So now for some online vendors. There are tons of options on line to get great tech fabrics so please make sure you hit up google as well. I have utilized Harts fabric, fabric.com, fashionfabricclub.com and Zenith & Quasar.

* Zenith and Quassar is a great place to start because they will send you a pack of samples so you can get your hands on a lot of different fabrics for the cost of shipping. Here is link to their page. My preferred fabric is their heavy supplex and i just checked, they have lots in stock at the moment. I did poke around their website today and wasn't able to find the listing for the samples so you might need to contact them to see if its still possible. If it is, its totally worth it!


* Next is fabric.com. It’s important to know what you’re looking for since there is so much to go through on this website! When i look for fabric for work out tops i look for good wicking, lightweight fabric with good stretch. When shopping for leggings i typically search supplex first (this is the term I use most anyway) and I love fabric.com’s pinecrest supplex, it feels extremely close to expensive activewear leggings you’d find at the mall and pay over $90 for. Fabric.com is pretty good about putting a weight in their description, and through its not in oz or grams which is definitely my preference, you can still trust it. If you’re interested in learning more about pinecrest supplex check out Lara’s post here.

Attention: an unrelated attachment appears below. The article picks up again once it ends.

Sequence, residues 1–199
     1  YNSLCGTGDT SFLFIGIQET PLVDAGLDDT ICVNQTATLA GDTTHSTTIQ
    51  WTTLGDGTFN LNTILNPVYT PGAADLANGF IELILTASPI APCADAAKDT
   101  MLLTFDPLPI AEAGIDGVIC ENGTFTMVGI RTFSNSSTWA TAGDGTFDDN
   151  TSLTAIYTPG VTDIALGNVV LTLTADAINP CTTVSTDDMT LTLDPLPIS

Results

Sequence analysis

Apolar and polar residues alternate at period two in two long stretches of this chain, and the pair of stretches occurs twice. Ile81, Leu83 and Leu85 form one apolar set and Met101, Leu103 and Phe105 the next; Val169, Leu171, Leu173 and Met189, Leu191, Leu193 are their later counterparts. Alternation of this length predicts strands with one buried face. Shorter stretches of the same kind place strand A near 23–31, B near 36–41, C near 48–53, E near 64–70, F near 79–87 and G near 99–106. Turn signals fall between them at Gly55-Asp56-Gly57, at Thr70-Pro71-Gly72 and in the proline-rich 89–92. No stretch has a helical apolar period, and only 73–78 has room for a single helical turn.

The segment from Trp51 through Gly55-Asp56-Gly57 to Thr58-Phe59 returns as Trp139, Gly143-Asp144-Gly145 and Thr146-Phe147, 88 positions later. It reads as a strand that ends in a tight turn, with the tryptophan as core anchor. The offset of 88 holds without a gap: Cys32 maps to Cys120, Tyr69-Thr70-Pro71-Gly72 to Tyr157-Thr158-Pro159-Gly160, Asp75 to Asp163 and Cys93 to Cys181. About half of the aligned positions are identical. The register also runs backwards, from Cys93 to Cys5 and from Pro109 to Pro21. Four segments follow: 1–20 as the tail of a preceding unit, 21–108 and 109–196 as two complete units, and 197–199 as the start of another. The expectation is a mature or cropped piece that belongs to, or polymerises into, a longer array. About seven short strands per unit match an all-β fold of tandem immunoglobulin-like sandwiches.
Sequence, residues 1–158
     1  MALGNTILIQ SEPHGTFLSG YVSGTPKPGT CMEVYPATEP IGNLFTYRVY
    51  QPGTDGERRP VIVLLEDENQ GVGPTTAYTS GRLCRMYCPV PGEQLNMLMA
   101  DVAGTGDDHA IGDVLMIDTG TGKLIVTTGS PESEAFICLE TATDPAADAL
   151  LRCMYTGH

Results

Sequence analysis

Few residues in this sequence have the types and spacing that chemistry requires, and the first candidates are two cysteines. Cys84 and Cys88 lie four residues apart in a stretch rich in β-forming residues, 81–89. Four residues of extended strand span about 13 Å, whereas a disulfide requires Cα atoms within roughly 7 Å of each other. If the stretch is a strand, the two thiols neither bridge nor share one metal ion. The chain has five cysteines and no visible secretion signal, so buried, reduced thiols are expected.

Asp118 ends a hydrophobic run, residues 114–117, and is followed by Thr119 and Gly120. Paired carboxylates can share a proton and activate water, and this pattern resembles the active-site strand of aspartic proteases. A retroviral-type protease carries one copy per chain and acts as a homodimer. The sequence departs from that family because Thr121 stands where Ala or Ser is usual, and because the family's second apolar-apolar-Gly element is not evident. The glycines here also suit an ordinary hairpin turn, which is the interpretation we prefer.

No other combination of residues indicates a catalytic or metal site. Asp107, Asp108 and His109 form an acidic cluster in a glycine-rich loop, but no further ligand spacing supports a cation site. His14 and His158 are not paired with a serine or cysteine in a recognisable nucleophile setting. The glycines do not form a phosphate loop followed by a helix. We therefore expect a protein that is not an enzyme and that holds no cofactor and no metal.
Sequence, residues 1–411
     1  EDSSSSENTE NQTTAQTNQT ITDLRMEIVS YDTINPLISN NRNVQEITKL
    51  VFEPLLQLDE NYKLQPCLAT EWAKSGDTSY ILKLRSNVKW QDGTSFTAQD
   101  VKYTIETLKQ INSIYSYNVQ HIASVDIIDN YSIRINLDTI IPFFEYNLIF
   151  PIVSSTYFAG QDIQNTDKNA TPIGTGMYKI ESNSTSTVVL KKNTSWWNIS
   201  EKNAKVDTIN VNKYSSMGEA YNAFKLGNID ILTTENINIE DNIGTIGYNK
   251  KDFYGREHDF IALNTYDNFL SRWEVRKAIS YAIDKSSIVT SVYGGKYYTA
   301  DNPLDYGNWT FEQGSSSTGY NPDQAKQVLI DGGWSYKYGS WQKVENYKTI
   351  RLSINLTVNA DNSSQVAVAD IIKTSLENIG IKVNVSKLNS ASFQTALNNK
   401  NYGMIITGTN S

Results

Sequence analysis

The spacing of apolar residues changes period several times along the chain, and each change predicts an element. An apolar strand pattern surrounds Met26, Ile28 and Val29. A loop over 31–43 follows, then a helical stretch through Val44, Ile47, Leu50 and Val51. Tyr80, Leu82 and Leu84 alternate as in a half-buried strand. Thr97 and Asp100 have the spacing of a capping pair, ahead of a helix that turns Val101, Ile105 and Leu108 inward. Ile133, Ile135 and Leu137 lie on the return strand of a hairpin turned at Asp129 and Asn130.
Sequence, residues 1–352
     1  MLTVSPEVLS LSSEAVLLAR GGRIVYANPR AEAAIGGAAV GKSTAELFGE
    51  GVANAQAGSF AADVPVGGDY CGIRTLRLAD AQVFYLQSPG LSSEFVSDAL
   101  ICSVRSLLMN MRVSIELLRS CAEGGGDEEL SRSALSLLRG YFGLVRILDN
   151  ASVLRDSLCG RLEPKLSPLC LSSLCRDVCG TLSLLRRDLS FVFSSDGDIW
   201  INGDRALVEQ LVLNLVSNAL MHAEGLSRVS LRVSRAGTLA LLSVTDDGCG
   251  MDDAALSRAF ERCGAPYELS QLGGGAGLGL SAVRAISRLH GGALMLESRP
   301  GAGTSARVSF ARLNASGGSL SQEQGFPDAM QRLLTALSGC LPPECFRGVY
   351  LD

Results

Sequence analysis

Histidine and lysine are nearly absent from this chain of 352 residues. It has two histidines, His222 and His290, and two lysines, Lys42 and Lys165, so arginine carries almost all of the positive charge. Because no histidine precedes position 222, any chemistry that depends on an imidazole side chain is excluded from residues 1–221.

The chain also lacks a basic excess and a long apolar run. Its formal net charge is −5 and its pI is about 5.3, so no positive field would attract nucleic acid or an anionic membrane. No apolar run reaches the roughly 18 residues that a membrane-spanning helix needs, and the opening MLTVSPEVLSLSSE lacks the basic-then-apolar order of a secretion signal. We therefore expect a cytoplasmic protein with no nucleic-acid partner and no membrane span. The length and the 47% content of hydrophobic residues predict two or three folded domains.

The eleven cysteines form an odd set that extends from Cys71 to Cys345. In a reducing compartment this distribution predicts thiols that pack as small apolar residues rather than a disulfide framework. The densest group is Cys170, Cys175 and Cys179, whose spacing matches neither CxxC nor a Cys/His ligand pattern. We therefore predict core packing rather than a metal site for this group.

* Mood Fabric is great and i’ve purchased several different fabrics throughout their online site. They pretty much always include t a g/m or oz/yd in their description as well as what its suitable for. They will also send samples which is helpful.


* Harts Fabric has an activewear fabric section though at this moment it’s not very full. They do sometimes have designer cast off which is great- you'll see “just do it” fabric and i’m sure you can figure out what brand they are talking about.

* FashionFabricClub is also good about putting weights in their descriptions as well as suggesting garments to make with the fabric. Fashion Fabric Club actually has a ton of fabrics and is really really cheap across the board. There is lot to look through and their shipping can take longer (example; i placed an order 9/10 and received it 9/25) so be aware if you need something quickly you will have to upgrade your shipping (which i’ve never done).  


* Occasionally Knitpop carries some nice activewear fabrics - i got an athleta cast off from here. I will admit their descriptions are brief- don't expect any information on weight in terms of light/medium/heavy or by actual weight. So proceed with caution if its a textile you’re not familiar with.


* Finally i’ve heard amazing things about Peak fabrics in Canada however it hasn’t been very economical for me with their shipping to the US- they have a lot of designer castoff, if you look for LLL I bet you guess which company were are talking about.


One of the best resources i found early on was this blog post by Melissa at Fehr Trade, its a global list of where to get good quality fabric. Also i’d highly recommend poking around her blog as well as following her on instagram- she really knows her stuff.